Amnesty clubs hold annual fundraiser with snowboarding, live music events
December 6, 2012
Steamboat Springs — If a snowboarder appears through the fog and snow Friday on Mount Werner wearing a bright orange jumpsuit, don't keep that curiosity to yourself.
Asking questions of them is exactly what these brightly clad members of the local Amnesty International clubs want.
As part of the clubs’ annual fundraiser — a snowboard event during the day and a concert at The Tugboat Grill & Pub on Friday night — several members of the clubs will be on the mountain quizzing willing skiers about human rights and handing out raffle tickets for the evening's fundraiser.
Ride for Rights is a new aspect to the annual Jamnesty fundraiser, aimed at educating a wider audience about the mission of Amnesty, club member Anne Sullivan said.
"This is a ski town, so it's a good way to get people out and noticing things like human rights. Since people are already going to be on the mountain, (Ride for Rights) would be a good way to target those people," she said.
The Amnesty International Club at Colorado Mountain College's Alpine Campus and the Steamboat Springs Amnesty International Chapter will have a table set up at starting at 11 a.m. at Gondola Pub & Grill, where people can stop and sign letters in support of human rights justice that Amnesty is sending to U.S. ambassadors around the world.
The issues range from oil spills in Africa, free speech in Russia and human rights violations in Sudan.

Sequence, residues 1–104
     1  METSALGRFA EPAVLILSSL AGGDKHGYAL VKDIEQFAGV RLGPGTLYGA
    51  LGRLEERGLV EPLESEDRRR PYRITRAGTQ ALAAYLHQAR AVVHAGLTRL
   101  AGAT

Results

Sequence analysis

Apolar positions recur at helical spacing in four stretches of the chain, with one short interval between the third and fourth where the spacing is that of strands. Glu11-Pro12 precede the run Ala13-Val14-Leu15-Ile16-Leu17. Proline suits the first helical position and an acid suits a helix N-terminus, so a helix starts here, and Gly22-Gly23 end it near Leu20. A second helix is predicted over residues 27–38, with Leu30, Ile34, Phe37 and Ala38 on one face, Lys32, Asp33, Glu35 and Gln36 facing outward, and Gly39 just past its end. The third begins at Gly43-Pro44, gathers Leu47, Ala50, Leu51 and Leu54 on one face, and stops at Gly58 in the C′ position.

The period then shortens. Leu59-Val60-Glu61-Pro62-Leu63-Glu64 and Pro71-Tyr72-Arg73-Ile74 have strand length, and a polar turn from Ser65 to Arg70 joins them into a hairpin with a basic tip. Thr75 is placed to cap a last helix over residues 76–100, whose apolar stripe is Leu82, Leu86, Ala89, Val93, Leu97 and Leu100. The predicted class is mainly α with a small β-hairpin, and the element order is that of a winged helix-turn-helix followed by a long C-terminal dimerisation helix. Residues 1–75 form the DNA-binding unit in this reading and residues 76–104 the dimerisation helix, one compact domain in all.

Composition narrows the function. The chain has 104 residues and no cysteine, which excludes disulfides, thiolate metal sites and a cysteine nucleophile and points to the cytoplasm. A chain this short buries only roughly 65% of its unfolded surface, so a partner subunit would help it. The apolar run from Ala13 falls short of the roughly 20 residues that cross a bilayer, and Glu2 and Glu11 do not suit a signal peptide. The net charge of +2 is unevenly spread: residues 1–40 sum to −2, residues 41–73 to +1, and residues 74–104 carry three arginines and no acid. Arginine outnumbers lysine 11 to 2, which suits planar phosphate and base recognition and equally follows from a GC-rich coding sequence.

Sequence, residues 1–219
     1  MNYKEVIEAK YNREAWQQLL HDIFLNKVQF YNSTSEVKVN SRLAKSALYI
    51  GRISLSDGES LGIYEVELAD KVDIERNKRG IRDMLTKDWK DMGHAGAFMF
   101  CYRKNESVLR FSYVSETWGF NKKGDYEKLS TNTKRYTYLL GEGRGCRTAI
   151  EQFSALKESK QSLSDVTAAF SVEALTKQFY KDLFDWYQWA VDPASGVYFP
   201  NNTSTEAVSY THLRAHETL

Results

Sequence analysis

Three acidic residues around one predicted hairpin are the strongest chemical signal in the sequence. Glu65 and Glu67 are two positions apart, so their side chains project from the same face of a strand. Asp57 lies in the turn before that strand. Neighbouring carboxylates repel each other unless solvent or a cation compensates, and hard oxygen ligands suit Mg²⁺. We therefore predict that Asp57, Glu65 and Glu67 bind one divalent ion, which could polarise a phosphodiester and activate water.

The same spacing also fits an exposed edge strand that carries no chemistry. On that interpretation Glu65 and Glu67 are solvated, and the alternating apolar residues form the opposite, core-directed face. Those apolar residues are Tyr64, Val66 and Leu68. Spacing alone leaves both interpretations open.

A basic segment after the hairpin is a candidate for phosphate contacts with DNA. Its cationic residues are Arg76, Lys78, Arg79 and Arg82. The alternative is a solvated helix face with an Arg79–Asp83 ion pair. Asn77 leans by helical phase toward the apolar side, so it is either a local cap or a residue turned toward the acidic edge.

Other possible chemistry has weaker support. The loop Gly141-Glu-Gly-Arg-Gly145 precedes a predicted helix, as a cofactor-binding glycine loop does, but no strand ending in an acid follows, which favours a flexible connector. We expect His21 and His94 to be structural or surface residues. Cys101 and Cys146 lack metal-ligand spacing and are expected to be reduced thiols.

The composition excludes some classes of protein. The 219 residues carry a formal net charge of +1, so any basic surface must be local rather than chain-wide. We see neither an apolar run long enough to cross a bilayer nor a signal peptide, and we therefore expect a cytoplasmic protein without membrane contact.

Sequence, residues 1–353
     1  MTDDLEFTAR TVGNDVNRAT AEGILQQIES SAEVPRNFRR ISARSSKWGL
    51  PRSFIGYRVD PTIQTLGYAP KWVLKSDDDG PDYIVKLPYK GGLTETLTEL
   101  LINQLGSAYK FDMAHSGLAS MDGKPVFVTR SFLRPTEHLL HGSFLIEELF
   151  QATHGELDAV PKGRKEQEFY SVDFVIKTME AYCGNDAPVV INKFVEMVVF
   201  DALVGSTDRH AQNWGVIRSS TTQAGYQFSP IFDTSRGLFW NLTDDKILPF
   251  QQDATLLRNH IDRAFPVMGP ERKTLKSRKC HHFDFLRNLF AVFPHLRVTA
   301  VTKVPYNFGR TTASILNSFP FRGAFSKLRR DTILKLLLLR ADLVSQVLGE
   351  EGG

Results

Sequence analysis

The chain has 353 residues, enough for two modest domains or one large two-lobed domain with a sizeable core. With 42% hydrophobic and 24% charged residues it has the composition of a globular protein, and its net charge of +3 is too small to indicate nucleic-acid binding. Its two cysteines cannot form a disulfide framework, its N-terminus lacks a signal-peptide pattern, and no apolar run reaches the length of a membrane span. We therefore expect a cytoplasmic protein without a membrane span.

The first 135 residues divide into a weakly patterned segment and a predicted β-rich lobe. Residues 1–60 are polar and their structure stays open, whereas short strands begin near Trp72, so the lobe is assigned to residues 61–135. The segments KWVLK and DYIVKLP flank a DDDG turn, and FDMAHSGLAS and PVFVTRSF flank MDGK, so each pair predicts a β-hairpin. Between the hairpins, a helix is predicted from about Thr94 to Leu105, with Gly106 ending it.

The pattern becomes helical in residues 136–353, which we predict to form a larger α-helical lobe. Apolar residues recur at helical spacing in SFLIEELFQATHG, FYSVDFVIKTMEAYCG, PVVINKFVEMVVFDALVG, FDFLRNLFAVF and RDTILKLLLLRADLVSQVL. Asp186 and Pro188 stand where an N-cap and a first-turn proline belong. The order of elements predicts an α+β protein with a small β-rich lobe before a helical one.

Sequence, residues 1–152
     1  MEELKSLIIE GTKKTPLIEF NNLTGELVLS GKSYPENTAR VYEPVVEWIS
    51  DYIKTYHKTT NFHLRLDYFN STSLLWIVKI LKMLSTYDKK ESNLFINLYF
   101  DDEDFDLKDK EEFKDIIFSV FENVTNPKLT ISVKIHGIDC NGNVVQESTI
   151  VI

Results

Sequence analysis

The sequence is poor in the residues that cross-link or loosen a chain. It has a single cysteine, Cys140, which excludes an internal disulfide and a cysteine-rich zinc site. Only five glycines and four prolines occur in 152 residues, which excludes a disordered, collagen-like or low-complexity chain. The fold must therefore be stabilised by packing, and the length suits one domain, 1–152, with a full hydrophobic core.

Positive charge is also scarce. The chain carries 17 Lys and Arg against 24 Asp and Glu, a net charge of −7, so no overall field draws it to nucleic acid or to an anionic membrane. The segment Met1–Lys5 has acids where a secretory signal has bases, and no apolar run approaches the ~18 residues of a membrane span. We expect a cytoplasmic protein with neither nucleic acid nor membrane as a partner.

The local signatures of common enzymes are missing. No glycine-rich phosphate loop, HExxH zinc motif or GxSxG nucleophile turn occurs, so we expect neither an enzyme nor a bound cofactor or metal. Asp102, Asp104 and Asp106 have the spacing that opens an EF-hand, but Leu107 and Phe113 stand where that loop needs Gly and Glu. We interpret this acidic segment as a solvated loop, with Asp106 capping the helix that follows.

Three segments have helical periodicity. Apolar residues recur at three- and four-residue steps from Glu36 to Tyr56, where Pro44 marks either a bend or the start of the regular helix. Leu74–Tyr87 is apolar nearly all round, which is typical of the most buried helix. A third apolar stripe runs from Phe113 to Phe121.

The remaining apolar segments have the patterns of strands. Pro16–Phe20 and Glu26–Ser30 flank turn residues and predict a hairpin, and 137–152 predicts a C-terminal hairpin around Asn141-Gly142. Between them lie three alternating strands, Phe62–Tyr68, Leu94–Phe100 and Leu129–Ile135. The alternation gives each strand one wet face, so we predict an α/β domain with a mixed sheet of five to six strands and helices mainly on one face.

"There's hundreds of thousands of people around the world doing the same thing," Sullivan said about the letters.
Then comes the music.
At 9 p.m. at The Tugboat, the Amnesty clubs will host live music from Simple Deckadence, Waterbear, Jebus and Welcome Thankful, a mix of local musicians ranging from hip-hop to acoustic rock.
The cover is a $5 donation at the door, and raffle tickets are $1 each. The prizes include a longboard, a tattoo session, Honey Stinger products and gift certificates.
Sullivan said her eyes first were opened to human rights issues after she volunteered in Uganda by bringing food to sick people in hospitals. She said the patients were lying on floors, and there was no food for them to eat.
After she graduates from CMC in the spring, Sullivan hopes to continue to keep fighting for a more peaceful and just world a part of her life.
"Since I'm thinking of going to school to be a teacher, I'd like to be able to inspire students in the future to see if they can make a difference," she said. "It's as simple as writing a letter or doing something at your school."
To reach Nicole Inglis, call 970-871-4204 or email ninglis@ExploreSteamboat.com